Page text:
| The first "poster" here is really a two-sided
promotional flyer that shows how closely the late stages of the onstage "Tom
Show" representations of Uncle Tom and the earliest stage of the story's
life on film were connected. The flyer was printed by the Erie Litho Co. at
least by 1909, and used by at least 6 different UTC Companies to advertise
dramatic performances between that year and 1927. (You can see the 6 "Tom
Show" posters by CLICKING
HERE. The poster at left isn't dated, but
it's from so early in the history of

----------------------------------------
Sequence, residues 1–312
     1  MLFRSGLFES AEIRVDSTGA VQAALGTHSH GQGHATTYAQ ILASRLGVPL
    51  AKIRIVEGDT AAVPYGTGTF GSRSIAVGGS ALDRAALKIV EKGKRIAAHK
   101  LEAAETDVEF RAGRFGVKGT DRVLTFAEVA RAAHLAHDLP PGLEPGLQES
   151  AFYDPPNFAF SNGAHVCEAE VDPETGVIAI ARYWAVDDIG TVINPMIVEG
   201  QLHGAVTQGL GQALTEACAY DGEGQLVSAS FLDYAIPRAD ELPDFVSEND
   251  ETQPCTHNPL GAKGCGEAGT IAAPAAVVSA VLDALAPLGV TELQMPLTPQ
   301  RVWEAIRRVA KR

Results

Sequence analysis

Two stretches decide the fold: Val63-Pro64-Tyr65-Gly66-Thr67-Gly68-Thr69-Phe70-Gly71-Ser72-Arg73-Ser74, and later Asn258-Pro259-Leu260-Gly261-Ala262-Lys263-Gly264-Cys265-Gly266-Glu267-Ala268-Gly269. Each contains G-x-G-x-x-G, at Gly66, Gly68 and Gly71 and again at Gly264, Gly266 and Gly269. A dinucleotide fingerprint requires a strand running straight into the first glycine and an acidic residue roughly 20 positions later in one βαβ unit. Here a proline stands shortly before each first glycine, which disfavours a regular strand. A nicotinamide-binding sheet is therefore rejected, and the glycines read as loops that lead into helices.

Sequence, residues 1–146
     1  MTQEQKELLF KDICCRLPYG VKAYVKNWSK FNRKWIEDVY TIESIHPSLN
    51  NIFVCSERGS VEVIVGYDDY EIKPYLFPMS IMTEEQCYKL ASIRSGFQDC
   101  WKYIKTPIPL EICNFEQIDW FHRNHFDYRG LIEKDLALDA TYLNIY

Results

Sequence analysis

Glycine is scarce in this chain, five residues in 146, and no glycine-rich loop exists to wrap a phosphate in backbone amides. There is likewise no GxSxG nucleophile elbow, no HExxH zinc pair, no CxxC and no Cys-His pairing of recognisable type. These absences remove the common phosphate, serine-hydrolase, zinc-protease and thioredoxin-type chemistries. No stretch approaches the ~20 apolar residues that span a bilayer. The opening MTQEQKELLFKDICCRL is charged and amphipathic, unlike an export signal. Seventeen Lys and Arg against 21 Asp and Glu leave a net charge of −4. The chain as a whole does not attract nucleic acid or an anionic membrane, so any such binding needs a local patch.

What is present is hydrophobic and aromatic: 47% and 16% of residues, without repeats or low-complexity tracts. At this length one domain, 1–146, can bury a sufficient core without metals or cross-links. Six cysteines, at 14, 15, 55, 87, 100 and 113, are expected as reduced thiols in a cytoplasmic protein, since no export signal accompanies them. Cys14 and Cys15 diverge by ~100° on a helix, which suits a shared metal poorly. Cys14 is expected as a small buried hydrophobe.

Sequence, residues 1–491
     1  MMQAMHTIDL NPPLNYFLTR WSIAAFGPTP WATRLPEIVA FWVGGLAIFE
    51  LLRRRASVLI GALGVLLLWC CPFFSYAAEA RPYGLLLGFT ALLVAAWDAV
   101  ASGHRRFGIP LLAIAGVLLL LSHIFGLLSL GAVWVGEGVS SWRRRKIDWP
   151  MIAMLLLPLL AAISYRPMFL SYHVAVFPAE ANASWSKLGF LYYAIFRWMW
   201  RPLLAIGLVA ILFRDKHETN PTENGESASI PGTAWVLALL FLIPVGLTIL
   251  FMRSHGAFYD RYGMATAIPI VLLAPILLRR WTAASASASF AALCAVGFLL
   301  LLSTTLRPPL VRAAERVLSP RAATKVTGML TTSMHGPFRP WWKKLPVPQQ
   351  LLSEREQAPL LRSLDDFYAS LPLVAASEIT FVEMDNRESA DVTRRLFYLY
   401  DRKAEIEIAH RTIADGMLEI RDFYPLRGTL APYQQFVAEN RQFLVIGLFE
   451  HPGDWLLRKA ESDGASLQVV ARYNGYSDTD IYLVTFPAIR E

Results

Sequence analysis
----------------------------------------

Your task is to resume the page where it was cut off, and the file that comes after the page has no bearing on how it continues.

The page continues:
movies in America (probably around 1910) that it is careful to remind people
that "THIS IS A MOTION PICTURE SHOW."
(The flyer doesn't specify a director or producer either, and since
the details of its descriptions are essentially unchanged from the "Tom Show" posters, they
can't help identify which film version this was used to advertise.)
The other posters were used to promote Universal's big-budget silent Uncle Tom's Cabin, both in its original 1927 release and (bottom) the studio's 1958 re-release, which tried to make the film commericially viable again by adding a voice-over narration by Raymond Massie.